Going back to the 00's, we were building sites with the then most popular CMS of that time. We hit two issues. Firstly, that version changes altered the core code so much that it was impossible to make templates designed for an earlier version work with the later one. Thus, every so often you would be faced with a 'tabula rasa' restart of all your design efforts. If that were not bad enough, in the end every single site we built with this CMS got hacked at least once. In once case, hacked a second time even after security measures were taken. Its security was simply, diabolically poor.
So, after some forays into lesser-known CMS products that didn't go well, we switched to another brand leader product which at least has a better, if not perfect, security record.
However, even before this, I'd already looked at making a custom frontend for our own website. This was in the nature of a fairly simple PHP script which loaded page content to order. I took this route because I wasn't at all happy with posting downloads of our utilities on a site which might very well get hacked, had I used the earlier CMS.
In discussions with a colleague, it was decided that it might be worth taking our own little inhouse project a bit further, and releasing it as an open source download. We called this early version Hyperframe, and it attracted some limited interest.
I'd never been to keen on the name though, suggestive as it is of hypertension, or perhaps of the clunky framesets used on very early websites. Thus, after version 4 the project was renamed to Mara. At the same time some fundamental changes were made to the site structure, based on experience gained.
Since then, Mara has been developed as time has permitted, mostly when there's not too much other work on hand. We use it in parallel with other mainstream products. After all, no-one is claiming that it suits all situations. There are applications though, where it really shines. There is no doubt about that.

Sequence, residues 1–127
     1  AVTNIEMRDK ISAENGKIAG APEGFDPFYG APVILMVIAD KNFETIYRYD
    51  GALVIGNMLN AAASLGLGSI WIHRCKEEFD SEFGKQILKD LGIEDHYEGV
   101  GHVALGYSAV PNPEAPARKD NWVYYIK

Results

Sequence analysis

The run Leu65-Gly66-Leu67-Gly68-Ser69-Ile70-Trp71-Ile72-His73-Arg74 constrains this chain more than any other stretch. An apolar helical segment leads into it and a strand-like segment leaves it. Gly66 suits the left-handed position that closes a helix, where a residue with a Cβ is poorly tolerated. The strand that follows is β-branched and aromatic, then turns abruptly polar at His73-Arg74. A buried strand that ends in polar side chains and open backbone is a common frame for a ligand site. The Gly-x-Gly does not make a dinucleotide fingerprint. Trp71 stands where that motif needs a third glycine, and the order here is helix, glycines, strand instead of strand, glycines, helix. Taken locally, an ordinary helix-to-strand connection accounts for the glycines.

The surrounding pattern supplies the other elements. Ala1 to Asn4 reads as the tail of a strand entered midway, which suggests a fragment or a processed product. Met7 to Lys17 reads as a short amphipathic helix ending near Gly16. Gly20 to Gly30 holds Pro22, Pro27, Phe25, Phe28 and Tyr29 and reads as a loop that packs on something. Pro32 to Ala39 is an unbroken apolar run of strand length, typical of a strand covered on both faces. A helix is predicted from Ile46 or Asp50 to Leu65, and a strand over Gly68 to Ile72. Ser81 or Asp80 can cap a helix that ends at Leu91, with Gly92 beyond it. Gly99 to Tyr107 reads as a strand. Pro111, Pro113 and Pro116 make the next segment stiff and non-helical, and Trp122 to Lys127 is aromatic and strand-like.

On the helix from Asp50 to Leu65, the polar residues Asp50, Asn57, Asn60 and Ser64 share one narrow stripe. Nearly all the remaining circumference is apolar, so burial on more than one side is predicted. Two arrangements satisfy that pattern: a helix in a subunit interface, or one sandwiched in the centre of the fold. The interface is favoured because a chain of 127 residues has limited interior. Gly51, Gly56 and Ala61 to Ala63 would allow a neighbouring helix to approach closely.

Originally, Hyperframe/Mara was pitched at the Web professional or more serious enthusiast, the sort of individual who wouldn't need too much handholding.
Recently there has been a lot of interest in 'Web Builders' which make it very easy for an inexperienced person to put a basic website together. The limitation of these 'Builders' is of course that you can do only so much with them, after which to progress further you'd need to start afresh with a 'proper' website. I felt that we could go one better than that, and offer a package that is easy enough to use for the beginner, but IS a proper website. Minus the 'concrete ceiling' of the typical sitebuilder package.
A major selling point of these 'builders' is the ability to add content by drag and drop. I took a look at the drag and drop features of some sitebuilders, and said to myself, 'We can do that' - Then after a bit of thought and a few test pages on our inhouse plarform .. 'No. Correction. We can do better than that. A lot better.'
So, a change in direction for Mara, and the aim now is to make the platform easy enough to set up for the first-time website creator. You can check out our implementation of drag and drop in the latest release, and decide for yourself if it's better than the competition's.
Of course, none of this precludes Mara being used for the original purpose of building small business informational websites. The very easy to use editing facilities are a big plus point with business clients, since they make it straightforward to do self maintenance.
Mara is a Scots Gaelic word meaning 'of the sea' and is often found as part of house or place names in this part of the world. It can be a female given name, or short form of Tamara. It is also the name of a (male) Tibetan Buddhist demon of destruction, and that of a similarly-minded animé character.
My inspiration was an eponymous cafe in Ullapool, with rather a pleasant outlook over Loch Broom.
In its role here, it is intended to be pronounced with the emphasis in the first A, as in 'Mah-ra' or 'Māra.'
We've since realised that there is a similarly named product, Mara DNS. The role of that product is radically different from ours, so hopefully the coder of Mara DNS won't have any objections to the similarity of name. Both projects are free software.